Amid our ongoing research project, our professors decided to host a Jacuzzi party so that we can mingle, laugh and enjoy some pizza. I forget how important it is to just relax, especially when you’ve been working hard for a while, and I’m so glad to have joined the festivity, dipping my bug-bitten legs into the warm waters while listening to some music.

Events like these invite conversations, allowing you to not only see another side of person, but also to hear their opinions, their thoughts and viewpoints on life.

For instance, I had a nice conversation with Kennan regarding the vastness and mystery of the ocean and how we literally have only touched the surface of the biodiversity that exists deep in the depths of the ocean. We know so little as we have observed so little, which got me thinking about the importance of inquiry. I haven’t noticed, for example, as Kennan pointed out, that alcohol in general doesn’t have its own nutritional facts label just like all other FDA-approved products, such as cereals, eggs, even water. I haven’t even asked myself until a few days ago either that the hummingbirds I’ve been observing for my research project are not simply hummingbirds, but a Green Violet-ear, a Magenta-throated Woodstar and a Coopery-headed Emerald among others that compete for the some of the same resources and may affect the population growth of one another’s. One of the most important things I’ve learned here in Costa Rica was the power of observation not only of human behavior, which based on my cognitive science, theatre and design background I generally pay most attention to, but also of non-human species, such as monkeys and monocrops, of abiotic factors ranging from precipitation to elevation, of your immediate surroundings, especially in nature. There are things there that meet more than the eye, and quite literally too—birds to hear, air to taste, fertile ground to feel, leaves to taste (sometimes), snakes to avoid and those goddamn horseflies to annihilate. We live in our own human-centric bubble and often forget that the world beautifully interwoven, intricate and complex is more than what we believe it to be, more than what we can possibly understand. Just think of the thousands of combinations and evolutionary years it took to get to a beetle crawling on your hand, a butterfly feeding, mating, landing on your shoulder, which in the next second can fly instantly away. Think of how it got to us; we are the ants of the keyboard after all, barely comprehending, as the difficulty of quantum physics likes to remind us, the mechanisms of how this world came to be. Yet evolution has enabled us the capacity to understand and understand more. Our very being is enough to learn, to experience, to see. Observation has not only led to our greater understanding of the physical world, but also the inspiration of different ways of thinking, creating and innovating in a world beyond called imagination.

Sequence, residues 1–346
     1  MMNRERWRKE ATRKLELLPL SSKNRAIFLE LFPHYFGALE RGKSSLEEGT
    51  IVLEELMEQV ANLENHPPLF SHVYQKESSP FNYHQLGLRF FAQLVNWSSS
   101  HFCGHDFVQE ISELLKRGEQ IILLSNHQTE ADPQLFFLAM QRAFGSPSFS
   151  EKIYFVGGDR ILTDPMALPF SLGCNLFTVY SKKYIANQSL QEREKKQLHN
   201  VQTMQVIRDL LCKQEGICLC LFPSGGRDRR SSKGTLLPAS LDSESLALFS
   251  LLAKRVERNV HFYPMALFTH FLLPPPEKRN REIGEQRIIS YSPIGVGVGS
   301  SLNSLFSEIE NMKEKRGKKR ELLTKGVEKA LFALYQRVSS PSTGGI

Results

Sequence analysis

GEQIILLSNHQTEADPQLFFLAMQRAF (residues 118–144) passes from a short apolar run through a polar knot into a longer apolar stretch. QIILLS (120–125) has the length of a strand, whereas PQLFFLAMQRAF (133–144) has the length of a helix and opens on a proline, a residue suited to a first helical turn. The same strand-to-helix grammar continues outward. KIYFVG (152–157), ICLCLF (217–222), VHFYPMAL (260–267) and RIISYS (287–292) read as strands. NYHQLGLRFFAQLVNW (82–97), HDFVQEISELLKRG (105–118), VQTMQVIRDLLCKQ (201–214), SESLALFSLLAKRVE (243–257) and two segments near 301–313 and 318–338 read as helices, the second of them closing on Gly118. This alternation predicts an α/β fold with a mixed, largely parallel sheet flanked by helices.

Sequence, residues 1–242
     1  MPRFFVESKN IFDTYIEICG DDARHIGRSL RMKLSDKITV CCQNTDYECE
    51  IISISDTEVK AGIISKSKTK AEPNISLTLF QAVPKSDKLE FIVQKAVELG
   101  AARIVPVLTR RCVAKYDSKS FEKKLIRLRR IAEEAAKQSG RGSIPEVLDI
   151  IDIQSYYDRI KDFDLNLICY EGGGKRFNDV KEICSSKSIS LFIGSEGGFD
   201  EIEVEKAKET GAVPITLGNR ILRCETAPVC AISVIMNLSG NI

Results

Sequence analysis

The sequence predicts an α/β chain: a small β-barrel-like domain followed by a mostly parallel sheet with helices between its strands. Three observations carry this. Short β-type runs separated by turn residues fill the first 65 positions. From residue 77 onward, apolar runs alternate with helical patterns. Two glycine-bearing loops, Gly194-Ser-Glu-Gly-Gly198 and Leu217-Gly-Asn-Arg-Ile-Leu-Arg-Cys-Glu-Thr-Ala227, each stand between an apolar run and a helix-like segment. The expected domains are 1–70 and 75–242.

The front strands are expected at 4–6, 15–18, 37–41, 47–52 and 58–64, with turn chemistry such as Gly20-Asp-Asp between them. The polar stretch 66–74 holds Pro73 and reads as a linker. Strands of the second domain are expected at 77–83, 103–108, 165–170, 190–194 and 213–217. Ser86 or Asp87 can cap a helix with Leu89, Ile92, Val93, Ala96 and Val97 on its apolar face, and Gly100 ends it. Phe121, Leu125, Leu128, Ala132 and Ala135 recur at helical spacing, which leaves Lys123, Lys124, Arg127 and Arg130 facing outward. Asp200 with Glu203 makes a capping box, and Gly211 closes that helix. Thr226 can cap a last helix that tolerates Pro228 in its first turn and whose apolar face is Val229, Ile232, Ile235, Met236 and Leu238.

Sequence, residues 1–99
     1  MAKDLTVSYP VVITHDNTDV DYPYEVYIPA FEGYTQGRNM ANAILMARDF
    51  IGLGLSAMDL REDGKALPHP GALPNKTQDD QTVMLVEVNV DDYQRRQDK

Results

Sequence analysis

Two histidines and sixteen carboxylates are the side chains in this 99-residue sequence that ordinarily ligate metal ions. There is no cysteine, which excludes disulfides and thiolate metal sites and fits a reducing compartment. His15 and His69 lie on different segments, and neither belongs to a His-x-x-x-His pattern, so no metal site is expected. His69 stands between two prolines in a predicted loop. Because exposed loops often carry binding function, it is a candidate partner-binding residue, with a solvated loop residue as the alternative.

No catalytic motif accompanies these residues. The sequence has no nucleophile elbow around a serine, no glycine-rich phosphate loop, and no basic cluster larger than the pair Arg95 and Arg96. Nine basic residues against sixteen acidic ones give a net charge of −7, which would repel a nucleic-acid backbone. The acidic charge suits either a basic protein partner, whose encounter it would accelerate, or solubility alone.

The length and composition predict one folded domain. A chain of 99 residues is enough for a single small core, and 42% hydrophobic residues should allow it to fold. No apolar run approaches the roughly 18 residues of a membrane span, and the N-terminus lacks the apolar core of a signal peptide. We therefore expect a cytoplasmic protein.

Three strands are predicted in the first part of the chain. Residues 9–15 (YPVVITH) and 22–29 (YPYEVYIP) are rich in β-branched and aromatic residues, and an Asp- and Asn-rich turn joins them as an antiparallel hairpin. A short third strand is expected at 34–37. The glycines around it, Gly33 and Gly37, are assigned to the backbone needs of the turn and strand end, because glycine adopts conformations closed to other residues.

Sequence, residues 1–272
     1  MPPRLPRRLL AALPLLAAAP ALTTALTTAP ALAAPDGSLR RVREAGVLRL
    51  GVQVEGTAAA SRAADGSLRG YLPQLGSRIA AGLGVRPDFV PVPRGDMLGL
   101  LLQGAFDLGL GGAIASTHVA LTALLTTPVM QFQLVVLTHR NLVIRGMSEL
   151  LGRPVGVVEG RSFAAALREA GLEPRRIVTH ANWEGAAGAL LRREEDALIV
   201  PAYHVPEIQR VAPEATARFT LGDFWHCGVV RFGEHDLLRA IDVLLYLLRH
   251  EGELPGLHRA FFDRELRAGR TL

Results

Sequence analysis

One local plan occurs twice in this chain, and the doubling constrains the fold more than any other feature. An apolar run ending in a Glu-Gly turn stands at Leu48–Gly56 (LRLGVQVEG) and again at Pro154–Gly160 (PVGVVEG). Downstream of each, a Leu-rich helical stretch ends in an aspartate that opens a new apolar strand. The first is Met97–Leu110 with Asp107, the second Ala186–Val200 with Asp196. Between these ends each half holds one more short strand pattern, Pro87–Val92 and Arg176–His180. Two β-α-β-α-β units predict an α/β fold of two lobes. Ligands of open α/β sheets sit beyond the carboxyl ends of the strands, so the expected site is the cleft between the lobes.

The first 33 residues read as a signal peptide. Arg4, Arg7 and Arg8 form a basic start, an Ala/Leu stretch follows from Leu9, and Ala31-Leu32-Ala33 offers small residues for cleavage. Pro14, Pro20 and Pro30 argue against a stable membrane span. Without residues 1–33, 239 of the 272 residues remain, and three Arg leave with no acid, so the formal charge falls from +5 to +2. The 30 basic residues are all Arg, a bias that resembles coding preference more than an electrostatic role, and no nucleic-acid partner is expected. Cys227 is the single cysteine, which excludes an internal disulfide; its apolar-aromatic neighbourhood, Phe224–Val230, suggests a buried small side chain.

Maybe one day, Newton’s apple may even jolt my brain a bit. It might even take place in a Jacuzzi.